This year marks the 250th anniversary of the birth of Caspar David Friedrich (5 September, 1774 – 7 May, 1840), who is considered Germany’s most important painter during the Romantic Period. His work influenced other famous Romantic painters like J.M.W. Turner and John Constable of England. Later, Expressionist painter Edvard Munch of Norway and Max Ernst of Germany were influenced by his work. Friedrich’s work was also highly regarded by the 20th Century Surrealists, including Italian artist Giorgio de Chirico and American painter Mark Rothko.
Rocky Ravine in the Elbe Sandstone, Source: Wikipedia
What was the Romantic Period?
The Romantic Period was a period of great intellectual and cultural achievement that spanned the late 18th and early 19th centuries. German Romanticism was then a current of thought founded upon a refusal of modernity and material prosperity. In other words, German Romanticists were disenchanted with the development of society. They longed for an idyllic past, a life in the countryside, and a return to traditional and rural values. They were expressing their disillusionment with a society that they saw as over-materialistic. The Romantic movement was expressed in literature, music and the visual arts.
How Did Caspar David Friedrich’s Work Embody Romanticism?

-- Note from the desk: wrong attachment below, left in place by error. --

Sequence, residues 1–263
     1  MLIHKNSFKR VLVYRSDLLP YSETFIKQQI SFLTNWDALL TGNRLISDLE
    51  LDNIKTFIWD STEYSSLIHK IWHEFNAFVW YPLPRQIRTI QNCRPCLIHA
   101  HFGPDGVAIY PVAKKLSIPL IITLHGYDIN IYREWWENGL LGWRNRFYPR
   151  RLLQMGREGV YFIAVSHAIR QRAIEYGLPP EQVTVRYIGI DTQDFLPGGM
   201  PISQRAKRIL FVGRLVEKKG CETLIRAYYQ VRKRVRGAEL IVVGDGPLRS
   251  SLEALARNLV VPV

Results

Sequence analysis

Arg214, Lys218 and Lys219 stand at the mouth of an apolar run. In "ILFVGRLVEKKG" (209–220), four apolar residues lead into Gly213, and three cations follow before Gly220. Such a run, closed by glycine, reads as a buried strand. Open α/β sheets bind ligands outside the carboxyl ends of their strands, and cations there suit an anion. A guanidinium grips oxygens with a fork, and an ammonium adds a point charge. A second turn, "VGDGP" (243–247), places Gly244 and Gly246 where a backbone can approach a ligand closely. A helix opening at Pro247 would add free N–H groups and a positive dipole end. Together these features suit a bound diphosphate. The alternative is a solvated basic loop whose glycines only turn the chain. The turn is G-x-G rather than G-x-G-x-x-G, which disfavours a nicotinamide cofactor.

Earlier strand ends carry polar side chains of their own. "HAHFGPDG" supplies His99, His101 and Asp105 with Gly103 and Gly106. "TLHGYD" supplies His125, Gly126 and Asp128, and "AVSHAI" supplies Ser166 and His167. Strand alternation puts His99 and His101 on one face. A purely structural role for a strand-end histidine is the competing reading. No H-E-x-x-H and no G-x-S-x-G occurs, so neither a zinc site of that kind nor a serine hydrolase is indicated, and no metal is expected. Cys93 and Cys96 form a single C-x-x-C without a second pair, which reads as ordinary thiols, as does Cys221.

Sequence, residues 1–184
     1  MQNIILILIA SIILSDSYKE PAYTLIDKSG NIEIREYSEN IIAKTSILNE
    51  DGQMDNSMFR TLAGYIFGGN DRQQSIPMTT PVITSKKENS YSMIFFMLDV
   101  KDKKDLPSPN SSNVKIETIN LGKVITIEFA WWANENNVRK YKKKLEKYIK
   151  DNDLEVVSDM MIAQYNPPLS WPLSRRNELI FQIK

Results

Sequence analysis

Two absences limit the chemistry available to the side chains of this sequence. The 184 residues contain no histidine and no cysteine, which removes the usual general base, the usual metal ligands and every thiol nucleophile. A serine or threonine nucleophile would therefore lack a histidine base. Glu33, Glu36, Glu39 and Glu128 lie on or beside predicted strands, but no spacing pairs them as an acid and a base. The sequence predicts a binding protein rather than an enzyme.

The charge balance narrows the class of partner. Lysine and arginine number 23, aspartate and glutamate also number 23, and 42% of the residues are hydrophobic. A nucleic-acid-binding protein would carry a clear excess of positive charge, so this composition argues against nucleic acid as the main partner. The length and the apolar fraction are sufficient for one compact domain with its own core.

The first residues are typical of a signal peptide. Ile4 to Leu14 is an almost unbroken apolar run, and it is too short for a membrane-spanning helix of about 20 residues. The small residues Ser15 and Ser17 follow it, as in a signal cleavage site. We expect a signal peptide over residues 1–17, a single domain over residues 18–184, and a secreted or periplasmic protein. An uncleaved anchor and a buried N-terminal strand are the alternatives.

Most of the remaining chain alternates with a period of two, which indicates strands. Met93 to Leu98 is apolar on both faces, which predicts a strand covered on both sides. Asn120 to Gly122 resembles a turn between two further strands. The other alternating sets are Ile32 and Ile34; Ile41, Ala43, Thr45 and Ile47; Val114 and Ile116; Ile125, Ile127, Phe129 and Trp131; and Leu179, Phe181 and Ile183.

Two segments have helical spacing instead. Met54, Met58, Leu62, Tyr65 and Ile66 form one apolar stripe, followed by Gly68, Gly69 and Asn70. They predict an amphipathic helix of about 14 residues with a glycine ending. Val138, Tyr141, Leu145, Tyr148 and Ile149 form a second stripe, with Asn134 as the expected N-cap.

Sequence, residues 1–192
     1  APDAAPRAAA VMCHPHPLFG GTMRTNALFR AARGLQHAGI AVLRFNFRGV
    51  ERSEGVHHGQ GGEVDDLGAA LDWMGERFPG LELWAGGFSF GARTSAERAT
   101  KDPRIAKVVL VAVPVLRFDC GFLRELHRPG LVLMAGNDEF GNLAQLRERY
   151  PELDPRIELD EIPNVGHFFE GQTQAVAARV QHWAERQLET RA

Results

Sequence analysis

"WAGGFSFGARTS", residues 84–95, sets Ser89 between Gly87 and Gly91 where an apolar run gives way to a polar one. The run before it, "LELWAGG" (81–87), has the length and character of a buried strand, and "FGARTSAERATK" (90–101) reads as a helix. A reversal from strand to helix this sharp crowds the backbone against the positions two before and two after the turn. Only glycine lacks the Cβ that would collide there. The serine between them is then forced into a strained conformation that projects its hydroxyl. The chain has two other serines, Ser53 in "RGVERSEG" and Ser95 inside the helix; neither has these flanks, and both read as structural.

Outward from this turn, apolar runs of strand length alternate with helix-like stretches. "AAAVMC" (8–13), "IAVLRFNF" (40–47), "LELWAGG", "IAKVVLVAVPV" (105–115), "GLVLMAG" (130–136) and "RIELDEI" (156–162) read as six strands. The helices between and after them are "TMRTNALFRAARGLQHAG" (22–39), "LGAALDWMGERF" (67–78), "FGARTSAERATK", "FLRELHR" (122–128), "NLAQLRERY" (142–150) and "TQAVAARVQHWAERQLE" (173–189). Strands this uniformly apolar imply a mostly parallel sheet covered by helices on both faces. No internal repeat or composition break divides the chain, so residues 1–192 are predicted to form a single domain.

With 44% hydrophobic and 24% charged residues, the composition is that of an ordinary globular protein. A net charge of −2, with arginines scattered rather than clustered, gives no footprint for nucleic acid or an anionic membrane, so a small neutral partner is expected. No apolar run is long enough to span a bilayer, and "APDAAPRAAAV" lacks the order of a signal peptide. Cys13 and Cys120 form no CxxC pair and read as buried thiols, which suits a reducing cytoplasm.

Friedrich was a painter who used landscape painting to create an intense and emotional focus on nature. His paintings were often filled with religious allegory, but the focus of his work was on the spirituality of nature over religion. For this reason his work was often not well understood or well received while he was alive.
One technique that Friedrich used was the depiction of a person from behind (Rückenfigur), seen to be contemplating a view. This technique was quite new at the time and encouraged the viewer to take in the sites and share the experience of the depicted figure. His style of depiction was Neo-classical, meaning realistic in its portrayal of subject. But his landscapes were also full of feeling and mood. Critics refer to his atmospheric landscape painting style as ‘romantische Stimmungslandschaft’, where geographical features such as rock coasts, forests and mountain scenes express religious themes as metaphors. As Friedrich wrote: ‘The artist should paint not only what he sees before him, but also what he sees within him.’
Wanderer Above a Sea of Fog, Source: Wikipedia
How Has Friedrich’s Legacy Survived?
As Friedrich aged, his painting became darker and reflected his own growing pessimism and fear of death. He fell out of popularity until the Nazis resurrected his reputation as a part of German Nationalism. It took until the 1970’s before Friedrich’s reputation could be relieved of the Nazi tarnish. Today his works are enjoying a Renaissance and sixty of his most famous paintings and sketches are on exhibition in Hamburg to commemorate the anniversary of his birth.
https://www.hamburger-kunsthalle.de/caspar-david-friedrich-tickets has more information.
The Solitary Tree, Source: Getty
Caspar David Friedrich and the 20th Century, Alicia Burden, Texas Women’s University